February brought the wind.  Gusts of 70mph ripped through the yard threatening to shake loose anything not tied down. The Orwell Bridge was closed causing traffic chaos. Simon spent the day tying up covers, securing anything the wind might move and tying up halyards, which were noisily flapping against exposed masts.  The large mobile boat cover on the quay was strapped to the crane and forklift, as an extra precaution and all boats on the hard were checked that their blocks and supports were secure.  These efforts were well rewarded, as the yard suffered no damage.

Extraordinary sights could be seen in the marina when the storm was at its full force.  With the wind coming off the land,  lightweight yachts took the blast broadside and lay at an unnatural angle leaning against their lines, as the strongest blasts battered them – but everything was well secured and when the wind abated, the Marina returned to its restful calm, with no signs of the fierce gale it had withstood. No doubt one more storm will pass though and that’ll be the end of the season’s blasts.

This month we were pleased to welcome the rescue rib from Neptune Sailing Club that operates from Woolverstone Marina.  She is in for repair to its cracked fibreglass bottom and a quick spruce up.  Neptune offer so much to young sailors on the Orwell, it’s nice to support their endeavours.  They have a small fleet of Toppers, Wayfarers and a couple of Vibes for the more adventurous students. If you are in need of RYA tuition on a tidal river they are a great place to start.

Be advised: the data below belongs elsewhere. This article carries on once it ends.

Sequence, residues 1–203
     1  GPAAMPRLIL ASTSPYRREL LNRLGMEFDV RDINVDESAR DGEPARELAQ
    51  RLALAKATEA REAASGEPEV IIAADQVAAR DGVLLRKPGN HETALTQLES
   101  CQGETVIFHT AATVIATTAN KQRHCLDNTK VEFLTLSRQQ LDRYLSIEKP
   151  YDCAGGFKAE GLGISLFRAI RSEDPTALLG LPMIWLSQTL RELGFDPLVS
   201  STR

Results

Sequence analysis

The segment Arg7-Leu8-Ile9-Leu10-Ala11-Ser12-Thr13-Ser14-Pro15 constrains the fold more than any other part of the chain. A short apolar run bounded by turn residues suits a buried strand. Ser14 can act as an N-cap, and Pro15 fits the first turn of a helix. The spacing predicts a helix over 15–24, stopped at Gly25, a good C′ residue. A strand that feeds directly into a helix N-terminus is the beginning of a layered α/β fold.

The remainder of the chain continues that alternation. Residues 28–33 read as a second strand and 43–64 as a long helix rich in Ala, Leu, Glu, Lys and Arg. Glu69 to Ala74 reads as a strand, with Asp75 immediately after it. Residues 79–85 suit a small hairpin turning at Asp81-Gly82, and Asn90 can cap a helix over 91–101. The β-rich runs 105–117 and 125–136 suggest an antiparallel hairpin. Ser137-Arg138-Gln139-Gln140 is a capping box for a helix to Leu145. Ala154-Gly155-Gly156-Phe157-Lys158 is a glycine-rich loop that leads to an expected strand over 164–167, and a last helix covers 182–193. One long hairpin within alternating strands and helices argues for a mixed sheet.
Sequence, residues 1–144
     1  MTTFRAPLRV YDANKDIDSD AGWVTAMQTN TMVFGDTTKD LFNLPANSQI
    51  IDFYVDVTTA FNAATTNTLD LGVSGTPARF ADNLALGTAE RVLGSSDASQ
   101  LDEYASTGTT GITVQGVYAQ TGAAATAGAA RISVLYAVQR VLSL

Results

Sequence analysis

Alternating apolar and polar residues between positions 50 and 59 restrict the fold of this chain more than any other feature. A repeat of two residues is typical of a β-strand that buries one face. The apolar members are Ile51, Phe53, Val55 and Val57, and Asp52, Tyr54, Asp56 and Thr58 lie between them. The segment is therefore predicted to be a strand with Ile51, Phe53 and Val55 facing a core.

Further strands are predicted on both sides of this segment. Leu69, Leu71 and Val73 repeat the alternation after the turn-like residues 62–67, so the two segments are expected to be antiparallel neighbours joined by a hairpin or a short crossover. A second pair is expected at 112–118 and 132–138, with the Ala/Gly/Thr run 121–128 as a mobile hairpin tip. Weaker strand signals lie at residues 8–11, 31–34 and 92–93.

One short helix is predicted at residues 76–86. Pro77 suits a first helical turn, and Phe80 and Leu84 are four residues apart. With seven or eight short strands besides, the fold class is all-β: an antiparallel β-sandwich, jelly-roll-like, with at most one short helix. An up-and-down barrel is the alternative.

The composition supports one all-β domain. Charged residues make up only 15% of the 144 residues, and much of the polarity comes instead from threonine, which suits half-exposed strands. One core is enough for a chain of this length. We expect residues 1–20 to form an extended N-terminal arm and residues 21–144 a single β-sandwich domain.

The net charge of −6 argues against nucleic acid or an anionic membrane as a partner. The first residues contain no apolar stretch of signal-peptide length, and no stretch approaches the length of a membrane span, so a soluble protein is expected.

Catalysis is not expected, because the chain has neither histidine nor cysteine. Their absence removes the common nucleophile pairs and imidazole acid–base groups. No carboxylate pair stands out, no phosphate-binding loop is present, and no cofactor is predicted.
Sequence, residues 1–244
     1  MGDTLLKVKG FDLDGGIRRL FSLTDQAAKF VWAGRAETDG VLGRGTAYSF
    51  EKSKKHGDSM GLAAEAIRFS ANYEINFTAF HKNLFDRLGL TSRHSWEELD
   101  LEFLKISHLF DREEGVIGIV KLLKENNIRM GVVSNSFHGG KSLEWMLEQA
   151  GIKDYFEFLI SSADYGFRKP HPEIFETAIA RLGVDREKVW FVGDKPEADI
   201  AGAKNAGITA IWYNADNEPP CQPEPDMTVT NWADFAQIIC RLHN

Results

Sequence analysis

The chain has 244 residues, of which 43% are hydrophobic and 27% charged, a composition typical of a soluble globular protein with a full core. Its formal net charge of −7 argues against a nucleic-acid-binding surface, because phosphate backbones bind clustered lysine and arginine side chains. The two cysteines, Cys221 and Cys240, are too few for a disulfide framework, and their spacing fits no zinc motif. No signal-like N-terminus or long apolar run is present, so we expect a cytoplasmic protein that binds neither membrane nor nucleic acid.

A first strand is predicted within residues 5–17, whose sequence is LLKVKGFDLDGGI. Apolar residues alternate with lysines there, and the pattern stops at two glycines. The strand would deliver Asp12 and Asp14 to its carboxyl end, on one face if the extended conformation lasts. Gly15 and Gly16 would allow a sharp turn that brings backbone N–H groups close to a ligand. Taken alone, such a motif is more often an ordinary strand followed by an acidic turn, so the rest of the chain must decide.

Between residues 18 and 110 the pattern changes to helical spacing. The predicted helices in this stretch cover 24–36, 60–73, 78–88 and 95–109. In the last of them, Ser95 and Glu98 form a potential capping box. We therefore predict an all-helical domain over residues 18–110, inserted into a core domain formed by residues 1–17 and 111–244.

We have another cruiser taking up a permanent floating berth in our marina.  She is a Broom 37  ‘Caramanda’, who arrived this month from winter quarters in Levington but is now under new ownership. It’s lovely having ‘Caramanda’ back, it’s a small world in the rivers and estuaries of Suffolk. She used to be at our yard when she belonged to a previous owner; it’s good to have her home again.